This is my post for The Session #77, aka Beer Blog Friday. Basically a host blog is chosen, they choose a topic of discussion, and others blog about it. Get the full lowdown at Justin’s Brew Review, the host for this month’s session. The question this month – Why is IPA such a big deal?
For quite some time now, I’ve been wondering what makes the India Pale Ale (IPA) style of beer so popular. Don’t get me wrong–I thoroughly enjoy it and gladly participate in #IPADay. I’m just wondering, why all the hype? What is it about an IPA that makes craft beer enthusiasts (CBE) go wild?
I can only theorise the reasons why other CBE’s (I like that acronym) go crazy for this style. For me the reason is simple – it was IPA that led to my first ever “whoa, what the f*ck was that?!” moment while drinking a beer. It changed me…
I remember the beer clearly – the BrewDog Punk IPA. At this point in my life I was just beginning to dabble in craft beer, with my brews of choice being a Golden Ale and a rather weak Pale ale. At the time I thought these beers were the pinnacle of beer creativity and flavour, so it was a real shock when the Punk stepped up and unapologetically punched me in the back of the head with fist full of bitterness. I seriously struggled to finish that first IPA, as it was a huge step up from what I was accustomed too. But by the end of the glass I was totally intrigued by this beer; what made it so intense? What do the letters IPA stand for? And, bizarrely, could I have some more?
So I started searching for more of these mysterious IPA’s. I learnt the meaning of this style, where it sat in the beer spectrum (I didn’t even know there was a beer spectrum until then), what ingredients went into an IPA and how they affected the end flavours. I know, this is the same standard brewing process for most brews, but it was all new information to me. With my new found knowledge I started sampling more IPA’s, and in turn began ‘chasing the bitterness’, seeing how far I could push my palate. I came across some bitter, BITTER beers (Mikkeller 1000 IBU comes to mind here), but I also began to appreciate the other flavours the hops produce, the way these balance with the malt and the bitterness…and I began to fall in love.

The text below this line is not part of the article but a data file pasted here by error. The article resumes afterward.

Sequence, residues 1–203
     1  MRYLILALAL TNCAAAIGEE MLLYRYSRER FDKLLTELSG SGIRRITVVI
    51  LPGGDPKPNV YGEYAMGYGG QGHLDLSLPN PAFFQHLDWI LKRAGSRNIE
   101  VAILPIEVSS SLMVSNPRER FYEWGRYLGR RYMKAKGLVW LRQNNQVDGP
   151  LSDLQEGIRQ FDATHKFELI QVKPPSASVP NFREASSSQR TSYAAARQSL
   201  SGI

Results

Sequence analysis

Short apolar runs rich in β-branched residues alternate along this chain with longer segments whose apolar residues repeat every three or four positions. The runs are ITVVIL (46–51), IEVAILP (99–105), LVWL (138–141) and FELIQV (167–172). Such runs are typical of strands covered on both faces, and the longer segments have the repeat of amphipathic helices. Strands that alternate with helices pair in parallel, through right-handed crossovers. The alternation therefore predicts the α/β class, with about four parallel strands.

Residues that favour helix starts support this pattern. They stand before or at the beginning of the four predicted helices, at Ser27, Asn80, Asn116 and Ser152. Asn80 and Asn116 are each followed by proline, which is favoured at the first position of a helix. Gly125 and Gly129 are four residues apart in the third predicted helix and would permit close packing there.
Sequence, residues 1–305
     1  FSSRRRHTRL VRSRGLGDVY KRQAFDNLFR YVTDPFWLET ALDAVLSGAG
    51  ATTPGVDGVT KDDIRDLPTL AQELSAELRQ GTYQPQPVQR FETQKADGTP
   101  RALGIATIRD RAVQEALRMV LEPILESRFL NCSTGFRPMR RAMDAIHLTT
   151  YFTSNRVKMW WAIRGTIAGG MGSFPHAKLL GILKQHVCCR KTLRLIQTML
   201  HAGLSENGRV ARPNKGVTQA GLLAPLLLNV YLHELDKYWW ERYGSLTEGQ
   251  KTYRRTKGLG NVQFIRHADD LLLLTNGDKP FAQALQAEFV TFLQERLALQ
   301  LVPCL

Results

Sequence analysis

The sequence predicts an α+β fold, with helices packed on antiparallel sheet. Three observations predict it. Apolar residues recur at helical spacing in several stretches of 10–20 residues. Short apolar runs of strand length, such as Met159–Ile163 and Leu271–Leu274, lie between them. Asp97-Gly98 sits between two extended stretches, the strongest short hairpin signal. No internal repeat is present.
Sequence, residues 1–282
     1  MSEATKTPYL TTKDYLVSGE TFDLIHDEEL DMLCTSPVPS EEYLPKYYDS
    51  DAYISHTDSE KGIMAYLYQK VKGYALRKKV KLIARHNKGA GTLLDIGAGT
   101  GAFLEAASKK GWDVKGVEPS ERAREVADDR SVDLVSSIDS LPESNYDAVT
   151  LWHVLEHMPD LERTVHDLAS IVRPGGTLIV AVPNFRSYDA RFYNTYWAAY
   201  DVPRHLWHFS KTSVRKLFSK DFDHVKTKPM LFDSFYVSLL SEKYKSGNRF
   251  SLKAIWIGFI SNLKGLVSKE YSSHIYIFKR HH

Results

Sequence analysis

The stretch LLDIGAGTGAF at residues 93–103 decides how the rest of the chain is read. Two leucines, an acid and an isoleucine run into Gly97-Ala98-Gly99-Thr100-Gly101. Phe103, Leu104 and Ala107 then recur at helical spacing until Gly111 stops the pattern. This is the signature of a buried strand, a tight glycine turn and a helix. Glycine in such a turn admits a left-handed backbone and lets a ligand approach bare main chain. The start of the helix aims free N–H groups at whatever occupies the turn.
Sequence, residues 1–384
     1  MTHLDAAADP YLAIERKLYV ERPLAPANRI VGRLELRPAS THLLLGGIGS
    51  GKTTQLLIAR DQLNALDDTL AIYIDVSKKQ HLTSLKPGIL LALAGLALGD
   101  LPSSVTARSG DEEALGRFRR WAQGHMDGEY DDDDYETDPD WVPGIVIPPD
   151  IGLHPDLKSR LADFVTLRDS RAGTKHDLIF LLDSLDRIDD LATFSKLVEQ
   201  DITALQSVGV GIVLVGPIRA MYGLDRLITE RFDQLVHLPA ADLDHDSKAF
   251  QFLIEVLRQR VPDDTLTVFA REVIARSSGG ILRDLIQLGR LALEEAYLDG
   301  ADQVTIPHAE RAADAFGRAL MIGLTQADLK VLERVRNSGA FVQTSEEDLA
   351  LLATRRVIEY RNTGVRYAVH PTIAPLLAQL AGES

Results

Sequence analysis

So why does my love affair persist today? I think it’s because most IPA’s have quite complex flavour profiles – but it’s a complexity that I get! I understand what different flavours that you can expect from the hops and the malt, making these flavours easy to identify and in turn making me feel clever! I’m sure it’s the same for most beer geeks out there, which makes the good old IPA something that everyone can share on the same level.
As for why it’s so popular with the general craft beer community, my initial thoughts is that it has something to do with craft beers ‘battle’ with the brewing giants. It’s easy to see IPA’s as the antithesis to the common macro-lagers that dominate the market – big, intense, flavoursome brews vs weak, watery, flavourless swill. So by choosing to drink IPA, perhaps we’re all subconsciously showing our support for the craft beer industry? I’m no psychologist though, so this is pure theory…but I do feel like I’m flipping the bird at big business when I drink an IPA.
There’s also a certain ‘extreme’ factor to these beers that appeals to me, as I’m sure it does to other CBE’s. When I see a beer named ‘Palate Wrecker’ or ‘Ruination IPA’ I’m overcome by the need to conquer it. I guess it’s similar to people who go to a restaurant to take on the ‘world’s spiciest something something’; they gain nothing from completing the challenge, but they want that sick sense of pride that comes with beating it. I’ve felt that pride after drinking an IPA that labels itself as being too much for common folk to handle. But I’m happy to say that it’s the well balanced IPA’s that speak to me the most – at the end of the day I’m here for the flavour, I swear.
And I think, at the core of it all, that’s why IPA is such a big deal – the taste. Most beer is drunk for its refreshing qualities…and what’s more refreshing than Citrus, Pine and Tropical fruit?! In fact, I’m off to have one right now.